Dr. Dre, Iovine attend new hall dedication

During the dedication of Iovine and Young Hall Wednesday, Iovine and Young Academy Dean Erica Muhl, co-founders Andre Young and Jimmy Iovine and President Carol Folt cut the opening ribbon.
(Krystal Gallegos | Daily Trojan)

Excited students, faculty, staff and guests filled the Iovine and Young Hall courtyard for the grand opening celebration of the school’s new facilities Wednesday. The new building, which officially opened its doors at the start of the fall semester, includes a collaborative makerspace, a podcast studio and an Alumni Lab that the school’s graduates can use for startups and projects.  

IYA Dean Erica Muhl opened the ceremony by thanking the many teams that worked to make the building and Academy a reality. She thanked Iovine and Young for their generous donations to the University and their ideas for the school. 

“The two of you gave us the inspiration that has provided us the greater fuel for everything we do,” Muhl said. “We also want to thank you, of course, for the generous gift of resources that make all of this possible.” 

The Iovine and Young Academy, USC’s newest school, aims to create a collaborative environment in the areas of arts, technology and business. The Academy was founded in 2013 by Jimmy Iovine and Andre Young, more widely known as Dr. Dre.

When the school was first established, all classes took place in “the Garage,” a collaborative work space formerly located on the fourth floor of Steven and Kathryn Sample Hall. The new hall comprises three floors of workspaces, undergraduate and graduate classrooms, conference rooms and a furnished balcony.

During the dedication and ribbon-cutting ceremony, President Carol Folt discussed the importance of IYA and said the program represents an innovative step forward in higher education. She welcomed the creativity the school fosters and praised the Academy’s ability to allow students to think freely.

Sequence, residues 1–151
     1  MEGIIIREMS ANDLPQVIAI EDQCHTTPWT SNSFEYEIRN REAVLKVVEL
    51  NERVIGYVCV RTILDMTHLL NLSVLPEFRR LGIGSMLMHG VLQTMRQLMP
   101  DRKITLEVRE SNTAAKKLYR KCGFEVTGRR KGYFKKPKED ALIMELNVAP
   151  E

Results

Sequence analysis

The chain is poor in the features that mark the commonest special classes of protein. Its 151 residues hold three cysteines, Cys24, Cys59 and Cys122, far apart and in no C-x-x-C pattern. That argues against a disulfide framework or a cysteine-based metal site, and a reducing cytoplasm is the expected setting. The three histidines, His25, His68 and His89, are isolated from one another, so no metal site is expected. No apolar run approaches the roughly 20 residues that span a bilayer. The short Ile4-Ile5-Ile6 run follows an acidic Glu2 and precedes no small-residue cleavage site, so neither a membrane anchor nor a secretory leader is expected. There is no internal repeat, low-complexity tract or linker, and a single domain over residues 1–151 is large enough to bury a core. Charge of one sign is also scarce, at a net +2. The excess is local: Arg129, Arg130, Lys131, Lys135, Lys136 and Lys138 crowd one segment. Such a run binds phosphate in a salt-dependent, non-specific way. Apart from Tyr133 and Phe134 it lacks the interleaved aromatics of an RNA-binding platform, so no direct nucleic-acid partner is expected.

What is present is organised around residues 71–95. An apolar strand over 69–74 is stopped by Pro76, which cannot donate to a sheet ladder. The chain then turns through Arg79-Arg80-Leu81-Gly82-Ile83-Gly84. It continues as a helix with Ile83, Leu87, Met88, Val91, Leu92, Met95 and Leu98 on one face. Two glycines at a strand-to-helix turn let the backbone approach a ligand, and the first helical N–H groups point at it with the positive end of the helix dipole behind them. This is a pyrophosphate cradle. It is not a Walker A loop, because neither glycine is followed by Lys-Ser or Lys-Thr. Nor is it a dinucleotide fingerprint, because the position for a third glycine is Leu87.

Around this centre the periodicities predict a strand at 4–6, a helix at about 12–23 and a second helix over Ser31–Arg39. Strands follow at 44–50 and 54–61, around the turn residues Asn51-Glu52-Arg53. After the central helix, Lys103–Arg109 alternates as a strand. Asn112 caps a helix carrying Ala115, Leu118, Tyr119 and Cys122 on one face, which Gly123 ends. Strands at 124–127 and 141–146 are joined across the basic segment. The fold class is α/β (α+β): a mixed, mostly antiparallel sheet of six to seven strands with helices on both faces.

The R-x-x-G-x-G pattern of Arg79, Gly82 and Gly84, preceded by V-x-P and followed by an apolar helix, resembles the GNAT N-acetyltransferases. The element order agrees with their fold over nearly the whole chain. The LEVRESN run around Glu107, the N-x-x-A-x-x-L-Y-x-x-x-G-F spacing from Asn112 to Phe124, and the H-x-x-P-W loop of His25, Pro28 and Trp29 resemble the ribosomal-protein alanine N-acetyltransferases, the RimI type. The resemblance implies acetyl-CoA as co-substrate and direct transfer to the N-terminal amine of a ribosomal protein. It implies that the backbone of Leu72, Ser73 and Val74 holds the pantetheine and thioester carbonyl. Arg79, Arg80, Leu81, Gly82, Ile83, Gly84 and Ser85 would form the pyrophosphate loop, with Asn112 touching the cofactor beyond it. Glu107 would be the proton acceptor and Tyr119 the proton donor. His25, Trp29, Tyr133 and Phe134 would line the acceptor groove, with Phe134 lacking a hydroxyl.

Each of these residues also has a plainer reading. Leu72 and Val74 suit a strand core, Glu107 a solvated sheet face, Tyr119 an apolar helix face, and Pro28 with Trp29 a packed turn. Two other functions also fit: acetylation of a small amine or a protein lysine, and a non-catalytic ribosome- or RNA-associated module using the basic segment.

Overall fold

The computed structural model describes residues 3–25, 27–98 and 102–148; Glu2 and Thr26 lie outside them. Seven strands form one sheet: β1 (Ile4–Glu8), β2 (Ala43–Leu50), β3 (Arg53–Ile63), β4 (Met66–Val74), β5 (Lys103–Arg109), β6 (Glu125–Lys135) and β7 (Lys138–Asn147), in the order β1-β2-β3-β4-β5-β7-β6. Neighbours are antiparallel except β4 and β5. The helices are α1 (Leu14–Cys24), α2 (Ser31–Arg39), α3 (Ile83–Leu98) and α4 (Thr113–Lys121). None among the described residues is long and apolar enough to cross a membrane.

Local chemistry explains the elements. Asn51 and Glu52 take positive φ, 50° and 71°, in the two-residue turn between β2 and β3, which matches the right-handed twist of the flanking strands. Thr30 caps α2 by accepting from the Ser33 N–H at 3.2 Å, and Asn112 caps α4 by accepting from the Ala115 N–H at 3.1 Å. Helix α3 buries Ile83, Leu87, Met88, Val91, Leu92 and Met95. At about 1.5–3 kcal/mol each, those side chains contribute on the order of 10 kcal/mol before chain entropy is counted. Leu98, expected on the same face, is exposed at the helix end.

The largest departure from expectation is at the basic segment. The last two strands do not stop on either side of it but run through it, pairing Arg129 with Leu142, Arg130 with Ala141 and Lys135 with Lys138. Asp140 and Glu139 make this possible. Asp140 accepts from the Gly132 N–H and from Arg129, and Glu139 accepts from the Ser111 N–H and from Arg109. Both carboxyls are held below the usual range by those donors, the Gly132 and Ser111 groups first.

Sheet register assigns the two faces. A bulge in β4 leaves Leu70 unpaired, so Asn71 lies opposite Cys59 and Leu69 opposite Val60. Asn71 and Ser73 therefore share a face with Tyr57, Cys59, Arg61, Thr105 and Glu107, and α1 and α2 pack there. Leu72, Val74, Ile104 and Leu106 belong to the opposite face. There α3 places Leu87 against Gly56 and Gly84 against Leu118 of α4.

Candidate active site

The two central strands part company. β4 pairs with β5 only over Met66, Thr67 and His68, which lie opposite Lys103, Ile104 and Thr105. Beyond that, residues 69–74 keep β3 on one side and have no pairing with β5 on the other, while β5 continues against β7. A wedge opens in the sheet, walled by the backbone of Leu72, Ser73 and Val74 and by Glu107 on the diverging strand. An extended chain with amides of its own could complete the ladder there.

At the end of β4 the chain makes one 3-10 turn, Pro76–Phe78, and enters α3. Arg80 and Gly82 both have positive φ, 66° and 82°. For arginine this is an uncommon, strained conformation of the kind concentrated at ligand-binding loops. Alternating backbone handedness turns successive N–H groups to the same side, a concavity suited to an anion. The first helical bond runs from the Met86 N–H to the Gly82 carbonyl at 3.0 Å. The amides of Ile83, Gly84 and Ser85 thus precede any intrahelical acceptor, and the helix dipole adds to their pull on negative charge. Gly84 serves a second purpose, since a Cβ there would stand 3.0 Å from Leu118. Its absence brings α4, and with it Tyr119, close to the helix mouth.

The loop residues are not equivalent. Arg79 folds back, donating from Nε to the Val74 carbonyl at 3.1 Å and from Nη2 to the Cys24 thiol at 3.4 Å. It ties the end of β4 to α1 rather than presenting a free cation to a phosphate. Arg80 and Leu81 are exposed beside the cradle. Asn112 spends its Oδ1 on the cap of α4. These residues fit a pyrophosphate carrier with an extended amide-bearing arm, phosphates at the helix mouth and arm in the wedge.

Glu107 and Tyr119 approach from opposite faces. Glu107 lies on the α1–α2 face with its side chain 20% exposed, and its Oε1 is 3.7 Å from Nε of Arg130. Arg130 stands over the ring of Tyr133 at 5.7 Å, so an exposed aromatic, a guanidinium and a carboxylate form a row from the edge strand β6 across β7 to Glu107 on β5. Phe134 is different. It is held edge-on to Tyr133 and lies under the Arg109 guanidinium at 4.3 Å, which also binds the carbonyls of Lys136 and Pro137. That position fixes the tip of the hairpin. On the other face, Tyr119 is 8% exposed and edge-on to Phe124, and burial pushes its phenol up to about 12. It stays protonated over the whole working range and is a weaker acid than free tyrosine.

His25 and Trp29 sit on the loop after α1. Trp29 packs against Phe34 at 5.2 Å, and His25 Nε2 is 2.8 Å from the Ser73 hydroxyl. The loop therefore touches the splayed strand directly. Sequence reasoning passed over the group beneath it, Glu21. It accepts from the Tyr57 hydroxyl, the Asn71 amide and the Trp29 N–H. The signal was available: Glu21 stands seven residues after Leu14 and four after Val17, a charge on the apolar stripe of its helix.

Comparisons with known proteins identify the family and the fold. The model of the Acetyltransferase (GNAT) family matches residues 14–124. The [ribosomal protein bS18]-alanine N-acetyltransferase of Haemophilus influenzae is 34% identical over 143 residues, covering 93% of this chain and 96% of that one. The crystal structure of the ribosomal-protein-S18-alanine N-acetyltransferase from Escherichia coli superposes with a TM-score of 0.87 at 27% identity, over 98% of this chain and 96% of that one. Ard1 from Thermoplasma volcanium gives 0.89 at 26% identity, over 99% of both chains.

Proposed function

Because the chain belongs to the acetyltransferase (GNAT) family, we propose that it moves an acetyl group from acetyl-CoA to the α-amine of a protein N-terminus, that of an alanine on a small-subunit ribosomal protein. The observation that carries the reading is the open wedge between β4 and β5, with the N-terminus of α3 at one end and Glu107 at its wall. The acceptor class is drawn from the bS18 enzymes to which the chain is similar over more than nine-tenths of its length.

“We’re at our best when we actually allow people’s imagination to flourish and do what we can to really help people take that innate creativity and talent and put it to use to do solutions that are innovative, sustainable,” Folt said. “In my time here, I know that all of those qualities are what drive our students, our deans and our faculty.”

Xavier Hernandez, an IYA graduate student studying integrated design, business and technology, was excited to see one of his heroes, Dr. Dre. 

“It was amazing to see them speak, amazing to [see] their ideas come to fruition with the help of my professors, my administrators, the dean, all the staff [and] all of these amazing minds coming together,” Hernandez said.

After members of The Spirit of Troy closed out the ceremony, Sydney Loew, a sophomore in the Academy, provided tours to visitors. 

“Today’s event was jaw-dropping,” Loew said. “I was so amazed to see the founders sitting there. They are just such a huge inspiration to all the students, so seeing them in person was just mind-blowing … I just really feel all the possibilities are endless. I’m so happy that all of us have this place to explore our passions or just brand new things as a whole.”

Luke Pottenger, a senior in the Academy, was inspired to see the support from the USC community. He said he hopes the new facilities increase collaboration across schools.

“It was really momentous at the end of my time at USC,” Pottenger said. “I hope to see more convergence of passion and disciplines. I’m starting to see that USC has that a lot throughout the campus.”

Iovine said the next step for the duo is to look into establishing a high school, giving younger students the opportunity to cultivate their creativity and ideas.

“We’re not educators, we’re cheerleaders,” Iovine said. “If we can catch these kids earlier, that’s even better.”